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Mesure des déplacements cellulaires dans les tissus non transparents : une application de la diffusion dynamique de la lumière

Abstract : As a tumor grows, it exerts a mechanical pressure on its surrounding tissue and is compressed back as a reaction. Recent experiments on an in vitro tumor model, called spheroid, have shown that this pressure is crucial for the fate of the cancerous tissue. In particular, the pressure slows down its growth, but makes it more invasive. To further understand the latter effect, we decided to study the migration of cells inside spheroids under pressure. However, imaging the inside of a spheroid is technically challenging as usual microscopy methods do not work on thick tissues (> 100 μm). Standard imaging methods are limited in terms of depth penetration because of light scattering. For this reason, we decided to take advantage of this scattered light with a method called Dynamic Light Scattering (DLS). We developed its application to cell migration in order to measure the distribution of cells displacements over time. The measurement is label-free and works with spheroids as thick as 400 μm in diameter. By this means, we revealed a radial organization inside the spheroid in terms of mobility, with fast cells at the surface and slower cells in the core. We also showed that applying a pressure onto spheroids decreases the average cell speed by a factor up to two for pressure greater than 15 kPa. Another team reported an increase in the speed of cells located at the surface of a compressed spheroid, which implies that the radial organization is also true for the impact of pressure. We demonstrated that this sensitivity to an external pressure is a 3D emergent property, in which the extracellular matrix plays an essential role. Finally, we explored the potential of our technique by addressing another question: how do apoptotic cells signals affect the migration of macrophages? We found that early apoptotic cells increase the speed of macrophages whereas late apoptotic cells decrease it. In both cases, the persistence length of the motion is the same.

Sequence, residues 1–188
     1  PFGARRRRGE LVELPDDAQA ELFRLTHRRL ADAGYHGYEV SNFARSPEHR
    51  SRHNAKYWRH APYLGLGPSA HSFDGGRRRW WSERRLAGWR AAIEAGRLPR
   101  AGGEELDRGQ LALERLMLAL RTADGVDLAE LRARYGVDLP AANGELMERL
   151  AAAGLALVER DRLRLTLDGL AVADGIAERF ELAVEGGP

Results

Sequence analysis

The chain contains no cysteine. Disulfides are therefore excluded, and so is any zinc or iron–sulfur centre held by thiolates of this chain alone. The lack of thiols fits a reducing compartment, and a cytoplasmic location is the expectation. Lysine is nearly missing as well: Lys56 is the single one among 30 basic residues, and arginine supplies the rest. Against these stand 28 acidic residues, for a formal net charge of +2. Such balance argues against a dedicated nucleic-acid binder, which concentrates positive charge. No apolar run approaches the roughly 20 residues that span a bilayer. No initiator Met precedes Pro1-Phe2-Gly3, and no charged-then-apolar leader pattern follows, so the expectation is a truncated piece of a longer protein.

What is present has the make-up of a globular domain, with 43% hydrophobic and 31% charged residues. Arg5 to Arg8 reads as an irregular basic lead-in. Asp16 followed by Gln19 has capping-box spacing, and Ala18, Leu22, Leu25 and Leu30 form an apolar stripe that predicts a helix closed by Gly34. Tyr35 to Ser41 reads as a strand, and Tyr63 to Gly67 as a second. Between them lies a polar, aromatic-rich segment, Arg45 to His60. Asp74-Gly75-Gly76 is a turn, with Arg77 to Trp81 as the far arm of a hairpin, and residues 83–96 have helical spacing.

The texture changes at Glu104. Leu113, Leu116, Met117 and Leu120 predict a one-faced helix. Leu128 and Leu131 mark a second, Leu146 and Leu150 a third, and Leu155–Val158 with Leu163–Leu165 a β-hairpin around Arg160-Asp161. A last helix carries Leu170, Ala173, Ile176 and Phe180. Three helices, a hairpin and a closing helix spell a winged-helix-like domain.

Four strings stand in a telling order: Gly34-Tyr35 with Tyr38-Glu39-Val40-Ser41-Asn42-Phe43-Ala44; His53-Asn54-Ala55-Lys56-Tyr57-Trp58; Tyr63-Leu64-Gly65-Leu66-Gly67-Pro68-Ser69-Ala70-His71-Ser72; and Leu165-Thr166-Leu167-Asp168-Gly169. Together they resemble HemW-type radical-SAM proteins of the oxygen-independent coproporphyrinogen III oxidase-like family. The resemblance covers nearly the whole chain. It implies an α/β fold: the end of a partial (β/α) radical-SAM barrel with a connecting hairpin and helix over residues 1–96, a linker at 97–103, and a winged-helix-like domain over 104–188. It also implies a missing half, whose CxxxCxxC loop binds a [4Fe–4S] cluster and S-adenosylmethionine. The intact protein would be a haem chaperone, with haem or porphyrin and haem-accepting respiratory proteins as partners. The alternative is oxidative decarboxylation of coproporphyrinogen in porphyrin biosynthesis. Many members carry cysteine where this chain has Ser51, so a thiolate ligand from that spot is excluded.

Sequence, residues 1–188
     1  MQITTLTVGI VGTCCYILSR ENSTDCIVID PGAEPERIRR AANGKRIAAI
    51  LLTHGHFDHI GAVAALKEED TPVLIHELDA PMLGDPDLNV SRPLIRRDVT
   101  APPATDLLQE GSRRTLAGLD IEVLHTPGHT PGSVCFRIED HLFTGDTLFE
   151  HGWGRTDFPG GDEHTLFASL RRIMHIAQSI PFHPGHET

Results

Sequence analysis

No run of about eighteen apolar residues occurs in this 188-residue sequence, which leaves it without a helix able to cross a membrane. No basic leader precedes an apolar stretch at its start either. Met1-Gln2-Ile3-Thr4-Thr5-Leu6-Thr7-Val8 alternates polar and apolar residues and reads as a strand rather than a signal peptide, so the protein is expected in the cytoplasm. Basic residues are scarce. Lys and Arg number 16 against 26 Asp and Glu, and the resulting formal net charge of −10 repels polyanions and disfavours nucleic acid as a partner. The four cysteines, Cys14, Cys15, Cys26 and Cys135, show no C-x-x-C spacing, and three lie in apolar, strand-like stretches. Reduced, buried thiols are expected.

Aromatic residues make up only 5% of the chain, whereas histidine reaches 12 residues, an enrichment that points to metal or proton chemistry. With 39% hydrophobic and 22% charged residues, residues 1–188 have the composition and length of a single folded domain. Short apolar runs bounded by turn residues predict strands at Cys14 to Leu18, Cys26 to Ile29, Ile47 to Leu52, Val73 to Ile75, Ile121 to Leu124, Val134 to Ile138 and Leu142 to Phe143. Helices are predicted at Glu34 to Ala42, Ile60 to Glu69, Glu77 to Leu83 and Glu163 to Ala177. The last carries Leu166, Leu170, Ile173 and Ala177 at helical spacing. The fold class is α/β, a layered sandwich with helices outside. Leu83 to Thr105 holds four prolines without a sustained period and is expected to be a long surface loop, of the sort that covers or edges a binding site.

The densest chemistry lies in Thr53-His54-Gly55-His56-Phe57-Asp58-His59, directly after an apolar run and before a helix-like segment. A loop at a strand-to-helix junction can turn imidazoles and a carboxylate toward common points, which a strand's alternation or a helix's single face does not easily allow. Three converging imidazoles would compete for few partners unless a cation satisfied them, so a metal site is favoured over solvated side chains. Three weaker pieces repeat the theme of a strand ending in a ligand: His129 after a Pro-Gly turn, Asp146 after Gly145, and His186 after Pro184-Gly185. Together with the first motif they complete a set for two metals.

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Submitted on : Friday, February 22, 2019 - 6:25:06 PM
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  • HAL Id : tel-02046692, version 1




Benjamin Brunel. Mesure des déplacements cellulaires dans les tissus non transparents : une application de la diffusion dynamique de la lumière. Biophysique []. Université Grenoble Alpes, 2018. Français. ⟨NNT : 2018GREAY047⟩. ⟨tel-02046692⟩



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